Dallas Wiens, the nation's first full face transplant recipient, talked Monday about once again being able to smell and breathe through his nose, his hope for eyesight one day and his daughter's reaction to the surgery.
His appearance was the first since Wiens, 26, received a new nose, lips, skin, muscle and nerves from an unidentified dead person in March.
"Being able to smell again is an amazing thing after two and a half years of not being able to. It's interesting what you pick up on. The ability to breathe through my nose normally -- and that in itself was a major gift," Wiens said. "Nobody was sure if I was going to be able to smell again, or even if I could how well it was going to work. But the olfactory nerves were completely intact as if there were no injury to begin with."
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When asked what were his favorite smells so far, Wiens, sporting dark glasses and a goatee, joked that, to his surprise, he loved the smell of the hospital's lasagna but that fresh flowers were his favorite.
"The first thing I was able to smell was hospital lasagna. And, you wouldn't imagine it, but it smelled delicious," Wiens said. "But my favorite smell -- hibiscus. The smell of plant life again, to know that I could smell a rose or anything like that again -- it really hit home for me."
Wiens' features were all but burned away and he was blinded after hitting a power line while painting a church in November 2008.
He said his 4-year-old daughter Scarlette told him, "Daddy, you're so handsome" after she saw his new face.
His grandparents took her to Boston when he was recovering from the surgery.
"She knows it's miraculous, and she really loved the whiskers," said Sue Peterson, Wiens' grandmother
"She told someone, 'I just love Daddy's new face,'" said Del Peterson, Wiens' grandfather.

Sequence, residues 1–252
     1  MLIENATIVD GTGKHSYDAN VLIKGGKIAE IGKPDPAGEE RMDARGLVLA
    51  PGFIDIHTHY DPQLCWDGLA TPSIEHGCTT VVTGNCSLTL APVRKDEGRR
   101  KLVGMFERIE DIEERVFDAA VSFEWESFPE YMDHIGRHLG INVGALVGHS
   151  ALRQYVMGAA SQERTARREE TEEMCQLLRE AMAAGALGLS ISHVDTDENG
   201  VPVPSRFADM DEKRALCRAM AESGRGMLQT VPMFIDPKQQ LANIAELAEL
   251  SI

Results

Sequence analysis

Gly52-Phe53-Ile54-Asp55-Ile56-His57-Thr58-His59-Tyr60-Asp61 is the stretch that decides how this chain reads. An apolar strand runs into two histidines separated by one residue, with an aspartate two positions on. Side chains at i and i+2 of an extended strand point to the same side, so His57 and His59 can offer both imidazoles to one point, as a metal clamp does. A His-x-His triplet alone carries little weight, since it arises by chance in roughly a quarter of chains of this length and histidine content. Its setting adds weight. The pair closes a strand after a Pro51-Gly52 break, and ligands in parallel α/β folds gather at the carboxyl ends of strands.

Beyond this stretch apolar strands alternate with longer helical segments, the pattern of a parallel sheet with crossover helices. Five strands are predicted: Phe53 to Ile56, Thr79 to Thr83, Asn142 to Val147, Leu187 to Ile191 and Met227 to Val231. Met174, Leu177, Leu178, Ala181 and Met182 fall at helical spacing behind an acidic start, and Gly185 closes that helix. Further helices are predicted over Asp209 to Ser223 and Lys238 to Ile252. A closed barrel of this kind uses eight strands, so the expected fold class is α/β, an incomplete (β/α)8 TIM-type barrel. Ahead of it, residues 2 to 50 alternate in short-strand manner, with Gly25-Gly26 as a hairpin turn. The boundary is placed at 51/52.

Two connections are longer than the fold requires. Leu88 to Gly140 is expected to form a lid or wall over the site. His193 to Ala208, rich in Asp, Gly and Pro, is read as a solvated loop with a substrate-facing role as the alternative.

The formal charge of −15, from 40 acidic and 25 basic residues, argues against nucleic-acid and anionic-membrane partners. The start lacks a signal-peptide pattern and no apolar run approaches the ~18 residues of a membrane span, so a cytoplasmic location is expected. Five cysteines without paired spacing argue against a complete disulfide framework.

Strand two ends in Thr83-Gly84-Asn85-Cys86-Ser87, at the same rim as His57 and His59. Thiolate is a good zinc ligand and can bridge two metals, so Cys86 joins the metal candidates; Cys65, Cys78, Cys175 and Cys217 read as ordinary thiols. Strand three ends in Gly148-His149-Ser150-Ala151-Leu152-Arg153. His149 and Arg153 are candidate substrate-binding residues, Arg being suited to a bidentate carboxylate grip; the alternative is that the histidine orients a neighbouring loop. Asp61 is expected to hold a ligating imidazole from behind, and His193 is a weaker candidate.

While Wiens was quick to express his incredible gratitude to the doctors and staff of Boston's Brigham and Women's Hospital, where the surgery was performed, he was also quick to credit his faith in God for helping him get through some incredibly difficult times.
"My faith ... has been a great help to me," Wiens said. "That, in itself, has gotten me though so many things, from leaning on a strength that is not my own. Even though I'm in amazing hands here, I'm also in God's hands. That alone has been a vast help to me."
Doctors said they were excited by his progress and are anxious about the next few months, when they expect Wiens to take great strides in his ability to control the muscles in his new face.
"I think the most fun part is to see the next six, nine months when the function will start to come back and when Dallas will start to feel light touch on his face and starts to move his face and lips. That's really exciting," said Dr. Bohdan Pomahac, plastic surgeon and director of the Brigham and Women's Hospital Burn Center.
Wiens is currently blind. He lost his left eye in the accident, and his right eye isn't able to perceive light.
Even though medical science doesn't have a solution for Wiens' blindness today, he and doctors said they are hopeful for the future.
"It's an amazing feeling to know that there will be a time where everything will be normal again, and I won't have to be concerned about anything," said Wiens. "Even though I don't see right now, as Dr. Pomahac said, we're hopeful that in the future, medical science will progress in that field. I'm only 26 years old. I've got a lot of life left to live."
Wiens and his daughter live with his grandparents. Del Peterson traveled with him to Boston for the surgery and was the first person besides doctors to see his new face.
"The more I studied Dallas from day to day, I said, 'This is Dallas,'" Peterson said. "His face soon became what I recognized as Dallas."
He and his wife said the radical surgery was a dream come true.
"We want him to feel accepted and liked wherever he is and, actually, when anyone gets to know him, they like him," Sue Peterson said.
The Petersons said their grandson was never bitter about his injury but chose instead to be better, paving the way for others.
"He does not call it and doesn't want to call it an accident," Del Peterson said. "He says things happen for a reason, and this is not an accident."
Wiens' 15-hour operation was paid for by the U.S. military, which wants to use what is learned to help soldiers with severe facial wounds. About a dozen face transplants have been done worldwide.
The Associated Press' Russell Contreras and NBC DFW's Meredith Land contributed to this report.